Helped by quotas, more women enter Latin American politics

When Michelle Bachelet takes office as president of Chile for the second time on Tuesday, the person who places the blue, white and red striped presidential sash round her neck will be  Isabel Allende – the first woman in Chilean history to be leader of the senate.

One in four lawmakers in Latin America are women, a proportion second only to Europe, and a continent better known as the home of machismo is now leading the way in drawing more women into politics – enabling them gradually to push women’s, social and educational issues to the fore.

A key reason for the growth in the number of congresswomen and female senators in Latin America is the adoption of quotas for women in parliament by 16 of the region’s countries in recent years.

Gender violence in EU lowest in Poland – should we rejoice?

Poland is the country with the lowest rate of violence against women in the European Union (EU), according to a report published on Wednesday.

Are women really safer in Poland compared to, say, Denmark which came last in the survey with a staggering 52 percent of its female population having experienced physical and/or sexual violence in their lives?  In Poland that percentage is “just” 19.

So is “scoring” lowest a reason to celebrate or is it rather a wake-up call? After all 19 percent still means that almost one if five women in Poland experienced violence.

Forbes lists record number of women billionaires

There are more women billionaires now than ever before – 172 of them according to Forbes magazine’s 2014 Billionaire’s List, up from 138 last year.  And a sixth of all newcomers on the list are women.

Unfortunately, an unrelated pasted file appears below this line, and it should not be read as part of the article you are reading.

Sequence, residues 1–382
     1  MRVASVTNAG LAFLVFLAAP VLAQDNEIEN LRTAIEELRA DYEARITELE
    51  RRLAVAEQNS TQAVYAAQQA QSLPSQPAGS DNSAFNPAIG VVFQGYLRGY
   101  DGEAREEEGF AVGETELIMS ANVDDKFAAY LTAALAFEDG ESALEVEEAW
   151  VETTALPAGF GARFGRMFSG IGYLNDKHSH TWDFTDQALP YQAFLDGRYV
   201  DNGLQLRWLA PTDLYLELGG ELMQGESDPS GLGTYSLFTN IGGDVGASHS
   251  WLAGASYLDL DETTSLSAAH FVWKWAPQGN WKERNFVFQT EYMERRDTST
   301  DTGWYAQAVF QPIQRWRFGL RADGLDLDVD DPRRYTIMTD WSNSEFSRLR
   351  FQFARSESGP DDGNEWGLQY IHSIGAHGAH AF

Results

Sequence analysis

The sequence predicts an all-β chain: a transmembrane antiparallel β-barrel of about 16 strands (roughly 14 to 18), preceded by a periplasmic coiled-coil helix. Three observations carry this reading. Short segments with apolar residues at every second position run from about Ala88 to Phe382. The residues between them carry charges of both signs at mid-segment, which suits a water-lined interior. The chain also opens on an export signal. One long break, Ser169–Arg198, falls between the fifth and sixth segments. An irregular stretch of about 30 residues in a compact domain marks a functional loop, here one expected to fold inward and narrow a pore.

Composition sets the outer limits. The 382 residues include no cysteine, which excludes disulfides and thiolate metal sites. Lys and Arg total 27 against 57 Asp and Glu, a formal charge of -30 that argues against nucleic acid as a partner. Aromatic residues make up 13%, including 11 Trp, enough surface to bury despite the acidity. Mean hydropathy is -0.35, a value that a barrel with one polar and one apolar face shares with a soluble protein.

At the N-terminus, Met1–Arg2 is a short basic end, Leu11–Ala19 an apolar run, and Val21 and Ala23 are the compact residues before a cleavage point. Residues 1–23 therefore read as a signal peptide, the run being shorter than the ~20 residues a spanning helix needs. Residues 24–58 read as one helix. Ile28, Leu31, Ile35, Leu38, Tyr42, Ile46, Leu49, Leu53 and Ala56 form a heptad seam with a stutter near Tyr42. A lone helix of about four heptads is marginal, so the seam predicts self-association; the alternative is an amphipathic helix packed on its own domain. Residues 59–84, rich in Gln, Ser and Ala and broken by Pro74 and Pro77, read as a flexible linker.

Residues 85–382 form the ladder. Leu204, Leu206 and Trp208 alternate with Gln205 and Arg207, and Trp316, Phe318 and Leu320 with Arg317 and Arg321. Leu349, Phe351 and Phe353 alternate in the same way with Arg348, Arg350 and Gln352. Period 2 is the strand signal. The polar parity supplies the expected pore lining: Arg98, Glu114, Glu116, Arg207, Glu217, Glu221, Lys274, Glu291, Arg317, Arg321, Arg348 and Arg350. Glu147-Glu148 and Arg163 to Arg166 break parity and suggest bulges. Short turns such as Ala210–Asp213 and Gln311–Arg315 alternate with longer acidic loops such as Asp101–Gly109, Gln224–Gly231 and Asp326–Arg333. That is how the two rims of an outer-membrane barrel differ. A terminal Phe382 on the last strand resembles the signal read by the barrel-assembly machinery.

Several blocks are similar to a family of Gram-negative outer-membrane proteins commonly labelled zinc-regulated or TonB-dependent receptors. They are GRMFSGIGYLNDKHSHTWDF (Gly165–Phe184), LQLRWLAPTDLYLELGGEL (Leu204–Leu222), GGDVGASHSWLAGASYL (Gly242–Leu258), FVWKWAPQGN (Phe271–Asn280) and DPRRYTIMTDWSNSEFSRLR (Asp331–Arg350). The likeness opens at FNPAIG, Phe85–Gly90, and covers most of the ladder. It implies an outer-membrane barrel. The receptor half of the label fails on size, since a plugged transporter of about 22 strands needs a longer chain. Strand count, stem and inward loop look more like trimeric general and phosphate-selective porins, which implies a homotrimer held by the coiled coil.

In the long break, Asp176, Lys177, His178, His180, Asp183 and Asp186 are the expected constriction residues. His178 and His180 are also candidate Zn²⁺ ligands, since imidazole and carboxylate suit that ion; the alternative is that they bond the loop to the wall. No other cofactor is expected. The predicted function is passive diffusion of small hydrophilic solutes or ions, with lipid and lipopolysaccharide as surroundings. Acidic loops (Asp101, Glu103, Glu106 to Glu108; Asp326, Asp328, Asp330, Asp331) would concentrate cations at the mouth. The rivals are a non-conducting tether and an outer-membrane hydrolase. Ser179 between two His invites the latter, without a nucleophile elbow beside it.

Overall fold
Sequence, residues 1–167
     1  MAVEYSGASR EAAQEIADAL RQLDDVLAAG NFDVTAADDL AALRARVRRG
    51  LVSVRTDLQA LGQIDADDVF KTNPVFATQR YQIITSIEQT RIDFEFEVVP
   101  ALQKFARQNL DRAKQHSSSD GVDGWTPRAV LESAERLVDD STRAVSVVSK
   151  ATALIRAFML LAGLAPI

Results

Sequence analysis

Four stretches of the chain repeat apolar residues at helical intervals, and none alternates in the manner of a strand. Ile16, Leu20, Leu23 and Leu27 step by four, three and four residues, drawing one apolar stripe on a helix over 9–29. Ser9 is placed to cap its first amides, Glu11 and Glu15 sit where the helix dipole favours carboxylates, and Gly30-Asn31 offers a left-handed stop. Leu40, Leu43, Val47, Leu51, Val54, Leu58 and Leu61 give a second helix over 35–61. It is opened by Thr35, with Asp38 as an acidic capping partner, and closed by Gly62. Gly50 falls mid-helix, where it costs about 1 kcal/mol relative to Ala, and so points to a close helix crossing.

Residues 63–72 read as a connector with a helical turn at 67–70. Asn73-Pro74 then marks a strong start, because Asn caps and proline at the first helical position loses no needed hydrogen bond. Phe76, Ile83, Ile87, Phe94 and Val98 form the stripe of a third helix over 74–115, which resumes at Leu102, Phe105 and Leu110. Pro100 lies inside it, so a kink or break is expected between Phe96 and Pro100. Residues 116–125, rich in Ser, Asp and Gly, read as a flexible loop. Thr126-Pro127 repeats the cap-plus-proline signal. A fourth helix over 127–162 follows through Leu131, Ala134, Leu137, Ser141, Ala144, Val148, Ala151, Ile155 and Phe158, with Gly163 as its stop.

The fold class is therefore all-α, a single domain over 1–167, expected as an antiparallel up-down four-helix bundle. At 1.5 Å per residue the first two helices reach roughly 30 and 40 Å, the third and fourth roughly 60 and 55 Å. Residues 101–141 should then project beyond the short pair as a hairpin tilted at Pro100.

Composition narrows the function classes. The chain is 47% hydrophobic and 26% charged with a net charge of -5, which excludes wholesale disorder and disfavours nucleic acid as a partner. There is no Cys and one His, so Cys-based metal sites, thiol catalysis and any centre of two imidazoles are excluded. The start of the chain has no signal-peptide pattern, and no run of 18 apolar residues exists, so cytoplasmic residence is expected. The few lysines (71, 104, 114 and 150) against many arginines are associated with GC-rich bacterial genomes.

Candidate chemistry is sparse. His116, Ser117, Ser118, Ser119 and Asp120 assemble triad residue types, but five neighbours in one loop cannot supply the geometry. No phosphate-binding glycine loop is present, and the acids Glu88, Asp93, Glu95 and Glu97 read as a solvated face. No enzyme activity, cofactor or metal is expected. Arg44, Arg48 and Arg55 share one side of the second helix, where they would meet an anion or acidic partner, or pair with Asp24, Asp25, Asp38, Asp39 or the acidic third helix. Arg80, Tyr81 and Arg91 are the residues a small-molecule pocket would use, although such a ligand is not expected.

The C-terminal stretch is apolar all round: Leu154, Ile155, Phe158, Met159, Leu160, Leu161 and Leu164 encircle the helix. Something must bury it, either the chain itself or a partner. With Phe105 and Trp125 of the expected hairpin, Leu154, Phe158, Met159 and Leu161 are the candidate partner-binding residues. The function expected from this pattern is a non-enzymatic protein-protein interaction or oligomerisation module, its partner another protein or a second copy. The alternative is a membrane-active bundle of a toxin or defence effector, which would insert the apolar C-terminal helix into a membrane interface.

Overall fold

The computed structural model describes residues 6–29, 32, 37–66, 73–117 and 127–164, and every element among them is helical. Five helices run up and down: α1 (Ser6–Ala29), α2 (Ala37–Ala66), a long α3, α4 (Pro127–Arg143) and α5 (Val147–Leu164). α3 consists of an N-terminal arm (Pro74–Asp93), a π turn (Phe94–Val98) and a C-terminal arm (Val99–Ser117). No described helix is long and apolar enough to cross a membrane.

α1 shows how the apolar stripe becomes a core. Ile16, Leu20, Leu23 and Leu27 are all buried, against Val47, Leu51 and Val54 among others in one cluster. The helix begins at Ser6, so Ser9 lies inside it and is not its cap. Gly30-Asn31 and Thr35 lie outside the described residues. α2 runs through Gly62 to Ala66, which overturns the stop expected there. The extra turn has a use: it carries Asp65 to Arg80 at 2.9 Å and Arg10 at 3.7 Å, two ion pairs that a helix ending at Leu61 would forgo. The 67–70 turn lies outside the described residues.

Famous names include Facebook’s chief operating officer Sheryl Sandberg, U.S. TV celebrity Oprah Winfrey, fashion designer Tory Burch, British betting queen Denise Coates and the first female Nigerian billionaire Folorunsho Alakija.

However, women still only account for around a tenth of the 1,645 billionaires identified by Forbes on Tuesday as it published its 28thannual list of the richest people on the planet.

Ending the beatings, rapes, murders: Where are India’s men?

Violence against women is widespread across the world. Globally, 35 percent of women have been beaten by an ‘intimate partner’ or suffered sexual violence at the hands of a non-partner in their lifetime, the World Health Organisation says.

The same research suggests that almost one third of women who have been in a relationship have experienced physical or sexual violence at the hands of their partner, and that some 38 percent of all murders of women are committed by their husband or boyfriend.